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Hidden Gems: Meet Lupita Vargas of Tzintzun Clothing

Today we’d like to introduce you to Lupita Vargas.

Lupita, we appreciate you taking the time to share your story with us today. Where does your story begin?
Like any immigrant, leaving behind family, friends, career and places is difficult and tremendously nostalgic. We live in two worlds. We love and value this country, but at the same time our heart longs for the country where we were born, where we still have connections and roots.

I have always been very proud of my native roots, of the great history of the Mexican people, not only of contemporary history but also of the history of ancient Mexico.

Through textiles, I entered a world that until a few years ago had been unknown to me: the world of native peoples told through their clothing.

And much more than that, the conditions in which the communities live, the abandonment and its vicissitudes, the abuse to which they are subjected and the theft of their centenary work, because many of the techniques and iconographies practiced by artisans in their textiles have been passed down from generation to generation for hundreds of years.

Pride and appreciation for these beautiful works made me change my way of dressing and seeing fashion, hence, it was just one step to start bringing these pieces from those communities that caused so much admiration wherever I went. As a consumer, I witnessed the abuse and haggling of the work of the artisans. Through these experiences, I wanted to make contact with artisans, so I could purchase the product for its true value. This cascaded into a project that is now Tzintzun.

Alright, so let’s dig a little deeper into the story – has it been an easy path overall and if not, what were the challenges you’ve had to overcome?
Distance and time has been my greatest difficulty. Understanding the difference of idiosyncrasy, customs, concepts, times, has been a great challenge because what is urgent for us may not be for them (artisan). How can it be urgent to complete a dozen blouses when they have to face the social, political and even climatic difficulties that these regions suffer from? But the result of waiting is worth it. Another challenge has been educating the public about the value of these pieces, it is not an industrially produced product, it is slow fashion, not disposable, unique, imperfect and traditional pieces that are inheritable.

Thanks – so what else should our readers know about Tzintzun Clothing?
Something that is important to share is that these pieces are more than clothing, in them the entire cosmovision of a community is represented, which are often rescued iconographies, that while they are woven or embroidered, the artisans pray, sing, they dream, and they speak with their loom, they whisper their sorrows and joys to them like an intimate friend. These pieces are full of love and energy and I am only a bridge between those women and men and my clients who value and seek this type of art.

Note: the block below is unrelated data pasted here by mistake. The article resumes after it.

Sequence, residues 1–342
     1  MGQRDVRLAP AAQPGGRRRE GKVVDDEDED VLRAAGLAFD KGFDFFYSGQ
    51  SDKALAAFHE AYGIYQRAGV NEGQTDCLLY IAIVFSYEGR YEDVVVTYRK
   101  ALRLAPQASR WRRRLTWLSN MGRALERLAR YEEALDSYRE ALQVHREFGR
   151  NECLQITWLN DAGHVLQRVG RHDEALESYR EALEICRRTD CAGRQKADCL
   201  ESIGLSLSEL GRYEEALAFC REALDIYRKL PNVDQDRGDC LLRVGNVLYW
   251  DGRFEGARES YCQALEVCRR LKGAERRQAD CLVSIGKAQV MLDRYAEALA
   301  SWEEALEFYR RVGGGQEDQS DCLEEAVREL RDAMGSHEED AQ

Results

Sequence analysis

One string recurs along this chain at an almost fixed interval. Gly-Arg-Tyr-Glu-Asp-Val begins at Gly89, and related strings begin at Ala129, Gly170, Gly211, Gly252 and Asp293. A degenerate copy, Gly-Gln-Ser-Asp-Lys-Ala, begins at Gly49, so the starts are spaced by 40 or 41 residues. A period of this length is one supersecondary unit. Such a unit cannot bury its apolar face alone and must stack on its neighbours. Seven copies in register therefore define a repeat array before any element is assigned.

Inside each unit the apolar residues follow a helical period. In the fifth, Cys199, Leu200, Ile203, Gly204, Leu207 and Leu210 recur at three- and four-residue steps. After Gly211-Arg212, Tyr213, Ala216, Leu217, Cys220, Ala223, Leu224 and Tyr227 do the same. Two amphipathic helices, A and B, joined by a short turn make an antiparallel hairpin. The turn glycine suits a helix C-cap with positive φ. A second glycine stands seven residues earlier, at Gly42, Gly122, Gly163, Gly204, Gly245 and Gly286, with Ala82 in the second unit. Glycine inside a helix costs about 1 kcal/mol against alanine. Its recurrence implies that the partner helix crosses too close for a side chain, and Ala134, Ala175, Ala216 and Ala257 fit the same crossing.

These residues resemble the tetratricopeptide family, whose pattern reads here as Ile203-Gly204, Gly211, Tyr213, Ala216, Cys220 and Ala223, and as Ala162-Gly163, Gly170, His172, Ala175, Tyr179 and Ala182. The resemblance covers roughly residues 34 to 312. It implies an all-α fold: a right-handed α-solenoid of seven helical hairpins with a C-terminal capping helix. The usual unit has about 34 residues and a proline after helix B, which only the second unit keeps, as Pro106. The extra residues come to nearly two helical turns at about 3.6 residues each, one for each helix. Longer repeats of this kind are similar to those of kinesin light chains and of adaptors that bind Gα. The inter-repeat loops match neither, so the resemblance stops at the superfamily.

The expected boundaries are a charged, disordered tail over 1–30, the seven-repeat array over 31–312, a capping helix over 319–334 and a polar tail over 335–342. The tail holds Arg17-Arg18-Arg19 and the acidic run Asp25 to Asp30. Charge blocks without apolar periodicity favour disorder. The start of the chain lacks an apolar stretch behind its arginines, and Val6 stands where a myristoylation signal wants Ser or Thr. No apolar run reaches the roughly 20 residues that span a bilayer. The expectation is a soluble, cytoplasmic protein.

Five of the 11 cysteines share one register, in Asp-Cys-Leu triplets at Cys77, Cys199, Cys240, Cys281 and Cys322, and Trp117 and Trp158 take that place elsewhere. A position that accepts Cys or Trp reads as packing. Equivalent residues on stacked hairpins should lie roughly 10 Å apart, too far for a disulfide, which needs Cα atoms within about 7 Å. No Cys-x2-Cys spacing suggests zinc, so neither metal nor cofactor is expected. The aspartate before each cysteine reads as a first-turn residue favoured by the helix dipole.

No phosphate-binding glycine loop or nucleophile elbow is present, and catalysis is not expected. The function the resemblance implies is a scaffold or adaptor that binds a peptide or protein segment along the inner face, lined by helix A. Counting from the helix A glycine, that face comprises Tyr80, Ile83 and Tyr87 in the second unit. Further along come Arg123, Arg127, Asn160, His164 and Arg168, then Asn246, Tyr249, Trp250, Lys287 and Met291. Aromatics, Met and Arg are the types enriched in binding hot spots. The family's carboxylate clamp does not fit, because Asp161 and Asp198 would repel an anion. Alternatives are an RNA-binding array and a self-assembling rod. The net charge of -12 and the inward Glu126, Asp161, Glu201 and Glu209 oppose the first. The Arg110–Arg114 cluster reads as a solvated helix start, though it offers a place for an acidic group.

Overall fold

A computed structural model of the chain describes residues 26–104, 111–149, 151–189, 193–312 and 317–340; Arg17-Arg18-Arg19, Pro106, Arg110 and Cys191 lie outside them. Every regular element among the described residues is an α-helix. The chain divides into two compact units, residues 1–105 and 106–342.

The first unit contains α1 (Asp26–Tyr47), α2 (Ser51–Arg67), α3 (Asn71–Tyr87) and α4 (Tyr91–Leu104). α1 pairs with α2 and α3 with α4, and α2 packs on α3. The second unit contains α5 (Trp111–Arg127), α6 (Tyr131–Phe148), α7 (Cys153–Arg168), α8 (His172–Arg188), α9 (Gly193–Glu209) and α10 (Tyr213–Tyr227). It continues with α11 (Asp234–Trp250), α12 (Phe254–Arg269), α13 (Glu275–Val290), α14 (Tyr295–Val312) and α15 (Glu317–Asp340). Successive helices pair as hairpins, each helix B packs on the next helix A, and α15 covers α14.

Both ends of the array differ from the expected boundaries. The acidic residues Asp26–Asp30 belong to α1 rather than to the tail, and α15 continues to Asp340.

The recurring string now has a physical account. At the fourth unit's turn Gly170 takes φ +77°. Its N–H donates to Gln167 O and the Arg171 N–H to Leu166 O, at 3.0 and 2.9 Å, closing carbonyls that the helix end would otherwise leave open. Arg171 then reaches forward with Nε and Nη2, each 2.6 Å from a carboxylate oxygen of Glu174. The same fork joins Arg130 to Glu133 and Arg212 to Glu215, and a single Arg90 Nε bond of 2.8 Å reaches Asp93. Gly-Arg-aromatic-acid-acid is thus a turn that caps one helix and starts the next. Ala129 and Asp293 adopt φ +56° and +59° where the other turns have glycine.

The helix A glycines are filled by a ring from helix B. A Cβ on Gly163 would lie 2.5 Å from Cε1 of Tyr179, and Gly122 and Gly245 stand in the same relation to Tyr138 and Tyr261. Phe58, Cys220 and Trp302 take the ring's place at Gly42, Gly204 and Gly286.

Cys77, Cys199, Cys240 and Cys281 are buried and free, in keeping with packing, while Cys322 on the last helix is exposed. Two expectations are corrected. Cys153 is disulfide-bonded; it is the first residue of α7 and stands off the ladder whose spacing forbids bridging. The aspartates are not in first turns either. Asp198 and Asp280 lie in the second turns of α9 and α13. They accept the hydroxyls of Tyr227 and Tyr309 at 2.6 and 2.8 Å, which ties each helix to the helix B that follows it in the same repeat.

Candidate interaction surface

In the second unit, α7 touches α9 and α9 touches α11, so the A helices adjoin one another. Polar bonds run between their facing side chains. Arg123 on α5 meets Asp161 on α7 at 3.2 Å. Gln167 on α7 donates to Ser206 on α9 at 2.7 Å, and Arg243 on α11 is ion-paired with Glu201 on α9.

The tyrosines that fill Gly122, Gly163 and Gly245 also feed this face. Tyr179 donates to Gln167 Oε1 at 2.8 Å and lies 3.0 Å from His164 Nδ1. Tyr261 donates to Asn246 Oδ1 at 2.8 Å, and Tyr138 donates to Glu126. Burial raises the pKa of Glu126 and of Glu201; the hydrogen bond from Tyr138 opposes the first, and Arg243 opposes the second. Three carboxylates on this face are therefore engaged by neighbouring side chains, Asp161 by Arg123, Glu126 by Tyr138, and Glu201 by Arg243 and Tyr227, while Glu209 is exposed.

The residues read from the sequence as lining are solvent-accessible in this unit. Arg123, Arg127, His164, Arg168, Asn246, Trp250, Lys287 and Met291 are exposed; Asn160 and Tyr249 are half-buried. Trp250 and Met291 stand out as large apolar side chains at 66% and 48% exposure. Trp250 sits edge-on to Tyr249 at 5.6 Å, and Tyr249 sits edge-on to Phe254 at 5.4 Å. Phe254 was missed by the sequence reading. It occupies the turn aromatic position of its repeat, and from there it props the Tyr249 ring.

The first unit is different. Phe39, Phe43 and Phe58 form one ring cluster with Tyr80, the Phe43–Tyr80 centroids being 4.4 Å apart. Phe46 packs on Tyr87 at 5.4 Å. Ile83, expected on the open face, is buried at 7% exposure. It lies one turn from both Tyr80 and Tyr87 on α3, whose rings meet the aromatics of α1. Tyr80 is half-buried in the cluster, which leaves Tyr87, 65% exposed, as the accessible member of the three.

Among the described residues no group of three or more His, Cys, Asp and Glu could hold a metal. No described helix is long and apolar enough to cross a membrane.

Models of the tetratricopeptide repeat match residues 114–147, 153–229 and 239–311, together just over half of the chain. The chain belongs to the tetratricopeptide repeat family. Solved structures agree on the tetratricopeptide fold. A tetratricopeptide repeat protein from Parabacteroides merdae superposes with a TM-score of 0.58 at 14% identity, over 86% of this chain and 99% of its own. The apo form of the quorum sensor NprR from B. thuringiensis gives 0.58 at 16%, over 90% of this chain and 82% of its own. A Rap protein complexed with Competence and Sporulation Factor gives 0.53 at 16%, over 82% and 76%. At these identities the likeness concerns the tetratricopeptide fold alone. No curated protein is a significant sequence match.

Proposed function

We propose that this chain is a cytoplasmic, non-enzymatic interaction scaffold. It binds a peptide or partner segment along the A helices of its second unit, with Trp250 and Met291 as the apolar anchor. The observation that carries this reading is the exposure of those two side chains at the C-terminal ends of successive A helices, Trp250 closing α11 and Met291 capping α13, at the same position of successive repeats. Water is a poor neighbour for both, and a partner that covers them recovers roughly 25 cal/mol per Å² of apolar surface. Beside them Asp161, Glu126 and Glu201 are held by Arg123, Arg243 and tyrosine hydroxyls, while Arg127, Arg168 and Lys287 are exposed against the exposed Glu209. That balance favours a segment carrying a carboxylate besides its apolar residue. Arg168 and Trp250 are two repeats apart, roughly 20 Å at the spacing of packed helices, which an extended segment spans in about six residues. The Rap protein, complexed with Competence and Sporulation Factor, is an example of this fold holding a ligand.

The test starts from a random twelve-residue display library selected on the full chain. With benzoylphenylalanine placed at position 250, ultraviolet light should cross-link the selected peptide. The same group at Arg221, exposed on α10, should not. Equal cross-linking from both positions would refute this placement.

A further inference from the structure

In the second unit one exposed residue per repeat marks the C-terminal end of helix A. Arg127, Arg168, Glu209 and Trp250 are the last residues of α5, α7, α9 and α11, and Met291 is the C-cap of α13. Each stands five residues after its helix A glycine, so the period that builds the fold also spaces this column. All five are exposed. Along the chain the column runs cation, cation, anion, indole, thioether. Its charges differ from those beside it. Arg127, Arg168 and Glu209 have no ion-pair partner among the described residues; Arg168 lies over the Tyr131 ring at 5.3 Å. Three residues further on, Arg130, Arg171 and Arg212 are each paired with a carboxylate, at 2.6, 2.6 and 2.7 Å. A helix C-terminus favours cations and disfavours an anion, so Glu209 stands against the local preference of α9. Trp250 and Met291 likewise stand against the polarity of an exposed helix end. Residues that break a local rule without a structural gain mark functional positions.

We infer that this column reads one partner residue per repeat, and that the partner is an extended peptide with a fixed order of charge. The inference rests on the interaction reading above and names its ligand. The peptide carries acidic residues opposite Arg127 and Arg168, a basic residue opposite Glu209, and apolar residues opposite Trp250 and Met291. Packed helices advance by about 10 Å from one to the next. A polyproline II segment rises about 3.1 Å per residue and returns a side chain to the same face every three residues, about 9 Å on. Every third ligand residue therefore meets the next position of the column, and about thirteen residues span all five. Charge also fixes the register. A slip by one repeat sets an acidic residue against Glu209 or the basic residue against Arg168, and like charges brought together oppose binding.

Also, for almost two years, like every small business, I have been in charge of almost everything, my team is my family who are always supporting me, my daughters are my models, my sister in Mexico supports me by receiving the orders that are completed and shipping them to me, my husband supports me in local pop-ups and I organize everything and everyone (laughs); Contact with artisans, physically when I travel or via video call when it is not possible to travel to refine details, buy fabrics, discuss color ranges with artisans, etc. I manage social networks and the website, I am in charge of sales, shipments, and finances, as we say in Mexico, I am a todologist (who makes everything)

Can you tell us about the risks you faced?
I think my biggest risk is talking about things that people do not want to hear since we currently live in the hypersensitization era, there are too many complaints around us, too many social and inequality problems, too many labels, and I feel that people do not want to hear about more problems. Bringing awareness and making visible plagiarism and cultural appropriation of the indigenous communities can be an uncomfortable topic, but the defense of original textile art is one of the missions of my project, not only marketing but also promoting and educating the consumer about the historical value of these pieces, the conditions in which these communities live and the abuse to which they are subjected. They rely on their art to provide for themselves and their families.


  • $45
  • $350 (eight months to make a piece)

Contact Info:

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1 Comment

  1. Stephanie Jacobo

    August 16, 2021 at 4:48 pm

    I am a huge supporter of the mission and vision that Lupita and her team so commitedly seek out to accomplish. She spreads awareness and inspiration for us, the consumer and community member, to respect and uphold value in the process and culture of these pieces that are incredibly special and soulful. I have found myself to be far more connected to my roots and to the earth my family immigrated from because of Lupita and Tzintzun Clothing. It truly is clothing with ancestral soul.

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